COPD: Therapy Should Focus on Patient's Quality of Life

FEBRUARY 22, 2016
Dava Stewart
When chronic obstructive pulmonary disease (COPD) is managed with a focus on how the symptoms impact the patient, quality of life and outcomes can be improved, UK researchers found..

Exercise training, behavior modification, and education delivered by a multidisciplinary team, and in some cases pulmonary rehabilitation, can be helpful. Such interventions should be as carefully considered and tailored to individual patients as drug dosages, Paul W. Jones and colleagues wrote in the International Journal of Chronic Obstructive Pulmonary Disease on February 19, 2016. 

Jones of the Division of Clinical Science, St. George’s, at the University of London, and colleagues reviewed information presented at the 1st World Lung Disease Summit. The meeting was held in Lisbon, Portugal  November 15-17, 2013.

Although the symptoms of COPD are well-documented, the degree to which they limit a patient’s quality of life (QoL) “varies depending on a number of factors, for example, their disease severity and comorbidities” say the researchers.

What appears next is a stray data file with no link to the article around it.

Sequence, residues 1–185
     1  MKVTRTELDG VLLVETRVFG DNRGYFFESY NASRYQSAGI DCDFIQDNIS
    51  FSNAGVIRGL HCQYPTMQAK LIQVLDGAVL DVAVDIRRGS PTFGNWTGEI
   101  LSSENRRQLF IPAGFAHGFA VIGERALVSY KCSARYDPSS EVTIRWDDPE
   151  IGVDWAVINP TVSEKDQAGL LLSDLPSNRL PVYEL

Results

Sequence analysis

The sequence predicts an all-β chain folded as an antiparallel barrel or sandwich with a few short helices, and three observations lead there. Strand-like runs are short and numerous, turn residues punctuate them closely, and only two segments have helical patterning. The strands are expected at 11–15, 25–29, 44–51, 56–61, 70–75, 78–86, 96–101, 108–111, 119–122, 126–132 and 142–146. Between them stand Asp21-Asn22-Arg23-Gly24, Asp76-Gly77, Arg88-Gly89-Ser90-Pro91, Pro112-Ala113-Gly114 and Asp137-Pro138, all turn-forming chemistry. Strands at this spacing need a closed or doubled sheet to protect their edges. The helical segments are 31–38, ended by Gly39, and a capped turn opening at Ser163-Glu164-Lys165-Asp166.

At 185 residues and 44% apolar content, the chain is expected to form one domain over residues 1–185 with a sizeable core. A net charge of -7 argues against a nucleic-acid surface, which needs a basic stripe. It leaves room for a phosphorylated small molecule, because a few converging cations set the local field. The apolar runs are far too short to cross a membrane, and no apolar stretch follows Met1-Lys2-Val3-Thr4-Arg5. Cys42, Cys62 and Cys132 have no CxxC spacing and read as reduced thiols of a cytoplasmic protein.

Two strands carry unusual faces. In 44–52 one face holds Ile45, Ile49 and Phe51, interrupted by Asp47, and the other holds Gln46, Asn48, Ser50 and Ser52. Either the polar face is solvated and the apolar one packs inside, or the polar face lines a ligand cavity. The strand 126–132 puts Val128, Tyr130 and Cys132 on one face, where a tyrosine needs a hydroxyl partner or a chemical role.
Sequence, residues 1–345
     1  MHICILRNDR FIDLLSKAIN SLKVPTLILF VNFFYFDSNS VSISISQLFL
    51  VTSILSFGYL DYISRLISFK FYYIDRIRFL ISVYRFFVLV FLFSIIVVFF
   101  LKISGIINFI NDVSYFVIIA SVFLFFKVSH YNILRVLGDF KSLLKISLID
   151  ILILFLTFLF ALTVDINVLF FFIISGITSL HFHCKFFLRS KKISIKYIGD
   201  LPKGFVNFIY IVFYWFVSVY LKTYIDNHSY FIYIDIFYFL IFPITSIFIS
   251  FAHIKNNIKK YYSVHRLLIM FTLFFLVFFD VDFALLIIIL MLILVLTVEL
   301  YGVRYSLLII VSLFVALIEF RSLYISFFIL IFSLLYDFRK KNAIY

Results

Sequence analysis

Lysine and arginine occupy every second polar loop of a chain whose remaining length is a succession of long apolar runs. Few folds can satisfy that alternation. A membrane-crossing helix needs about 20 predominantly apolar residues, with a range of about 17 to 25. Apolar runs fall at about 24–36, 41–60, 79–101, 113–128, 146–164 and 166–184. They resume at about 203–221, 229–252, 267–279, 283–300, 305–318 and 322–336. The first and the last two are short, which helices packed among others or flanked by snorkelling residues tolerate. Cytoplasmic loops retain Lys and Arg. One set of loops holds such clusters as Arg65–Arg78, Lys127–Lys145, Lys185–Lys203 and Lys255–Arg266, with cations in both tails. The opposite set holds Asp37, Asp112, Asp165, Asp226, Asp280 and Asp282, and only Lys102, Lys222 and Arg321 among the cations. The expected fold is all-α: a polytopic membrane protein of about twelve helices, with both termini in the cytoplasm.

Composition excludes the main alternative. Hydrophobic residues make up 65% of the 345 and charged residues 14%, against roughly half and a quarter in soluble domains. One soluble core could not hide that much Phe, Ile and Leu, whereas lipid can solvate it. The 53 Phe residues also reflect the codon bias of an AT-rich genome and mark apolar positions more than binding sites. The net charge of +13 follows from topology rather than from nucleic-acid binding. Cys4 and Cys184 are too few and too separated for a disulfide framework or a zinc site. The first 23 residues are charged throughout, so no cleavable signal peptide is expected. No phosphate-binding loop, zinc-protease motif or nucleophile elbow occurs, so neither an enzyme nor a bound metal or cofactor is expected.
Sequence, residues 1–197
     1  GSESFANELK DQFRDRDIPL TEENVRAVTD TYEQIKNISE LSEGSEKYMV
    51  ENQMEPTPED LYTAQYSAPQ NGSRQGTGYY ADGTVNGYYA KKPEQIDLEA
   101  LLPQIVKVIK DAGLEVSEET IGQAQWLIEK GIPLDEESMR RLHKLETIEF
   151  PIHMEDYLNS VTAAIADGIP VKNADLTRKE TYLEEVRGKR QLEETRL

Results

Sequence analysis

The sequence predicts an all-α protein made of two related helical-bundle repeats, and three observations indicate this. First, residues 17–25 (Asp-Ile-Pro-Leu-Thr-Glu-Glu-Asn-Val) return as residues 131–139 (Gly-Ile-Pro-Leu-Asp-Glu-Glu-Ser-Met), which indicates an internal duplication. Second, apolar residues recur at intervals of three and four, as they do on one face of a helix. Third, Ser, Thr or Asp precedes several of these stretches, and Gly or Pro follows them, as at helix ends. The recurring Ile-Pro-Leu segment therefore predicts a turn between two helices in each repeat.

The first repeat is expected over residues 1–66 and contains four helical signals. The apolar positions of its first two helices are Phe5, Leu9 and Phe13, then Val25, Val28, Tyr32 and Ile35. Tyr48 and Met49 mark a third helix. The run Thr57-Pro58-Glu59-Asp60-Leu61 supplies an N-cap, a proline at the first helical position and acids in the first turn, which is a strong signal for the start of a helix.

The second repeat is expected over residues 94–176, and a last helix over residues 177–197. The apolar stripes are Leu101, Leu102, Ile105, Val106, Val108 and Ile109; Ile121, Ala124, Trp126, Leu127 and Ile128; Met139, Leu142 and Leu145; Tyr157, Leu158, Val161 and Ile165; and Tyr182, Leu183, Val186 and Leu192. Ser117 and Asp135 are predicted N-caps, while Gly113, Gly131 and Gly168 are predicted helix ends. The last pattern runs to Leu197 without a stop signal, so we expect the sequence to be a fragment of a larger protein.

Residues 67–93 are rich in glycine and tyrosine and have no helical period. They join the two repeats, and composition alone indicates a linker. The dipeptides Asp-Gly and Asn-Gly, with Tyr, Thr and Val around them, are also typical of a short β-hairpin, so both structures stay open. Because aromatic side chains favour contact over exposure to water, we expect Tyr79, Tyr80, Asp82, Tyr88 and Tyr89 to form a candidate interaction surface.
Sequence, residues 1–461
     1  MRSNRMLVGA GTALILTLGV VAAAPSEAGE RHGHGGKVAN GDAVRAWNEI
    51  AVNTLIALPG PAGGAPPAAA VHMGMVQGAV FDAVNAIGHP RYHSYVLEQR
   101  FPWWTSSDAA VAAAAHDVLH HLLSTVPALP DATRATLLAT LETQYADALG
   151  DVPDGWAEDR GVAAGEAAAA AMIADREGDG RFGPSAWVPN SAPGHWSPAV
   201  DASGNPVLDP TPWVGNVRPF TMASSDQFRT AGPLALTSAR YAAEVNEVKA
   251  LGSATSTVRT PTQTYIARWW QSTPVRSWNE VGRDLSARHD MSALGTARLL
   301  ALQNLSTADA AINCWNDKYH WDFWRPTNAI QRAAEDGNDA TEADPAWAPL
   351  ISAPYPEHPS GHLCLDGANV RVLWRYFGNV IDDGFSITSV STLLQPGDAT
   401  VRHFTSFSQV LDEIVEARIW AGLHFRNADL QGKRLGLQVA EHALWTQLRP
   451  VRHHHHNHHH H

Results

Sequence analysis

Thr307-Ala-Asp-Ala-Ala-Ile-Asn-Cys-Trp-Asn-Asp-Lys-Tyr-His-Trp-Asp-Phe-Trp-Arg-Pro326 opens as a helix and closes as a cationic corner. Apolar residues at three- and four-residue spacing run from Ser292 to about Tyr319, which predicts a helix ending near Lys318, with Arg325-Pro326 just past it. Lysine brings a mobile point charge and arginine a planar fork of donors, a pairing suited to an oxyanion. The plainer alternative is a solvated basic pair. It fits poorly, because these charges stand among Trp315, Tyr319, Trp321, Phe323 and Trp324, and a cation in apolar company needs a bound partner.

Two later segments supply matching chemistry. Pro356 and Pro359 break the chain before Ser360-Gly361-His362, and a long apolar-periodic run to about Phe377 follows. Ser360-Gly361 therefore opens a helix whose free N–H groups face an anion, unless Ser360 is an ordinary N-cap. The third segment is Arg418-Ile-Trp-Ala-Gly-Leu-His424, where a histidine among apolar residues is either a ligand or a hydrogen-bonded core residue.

Additionally, the time of day that the patient experiences symptoms affects QoL.
 
There are several instruments available for clinicians to evaluate patients’ symptoms: the COPD Assessment Test (CAT), the Clinical COPD Questionnaire (CCQ), the modified Medical REsearch Council dyspnea score (mMRC), and the St. George’s Respiratory Questionnaire SGRQ, as well as the Global Initiative for Chronic Obstructive Lung Disease (GOLD) classification system.
 
Patients with COPD are progressively less active. A decline in physical activity usually begins early in the disease.

The reviewers reported that one study concluded, “the objective measurement of physical activity is the strongest predictor of all-cause mortality in patients.” In light of those findings, the researchers say, “an appropriate level of physical activity is very important in patients with COPD, as it plays a key role in maintaining health.”
 

COPD, like other chronic conditions, is often accompanied by comorbidities which impact COPD symptoms and QoL. The reviewers say, “Comorbidities make COPD management more challenging and increase the use of health care services.” Identifying common comorbidity clusters could help in the management of COPD.
 
Optimizing both the time and method of delivery of bronchodilators, the “mainstay of therapy in COPD” according to researchers, can help improve exercise tolerance  and improve levels of physical activity. 


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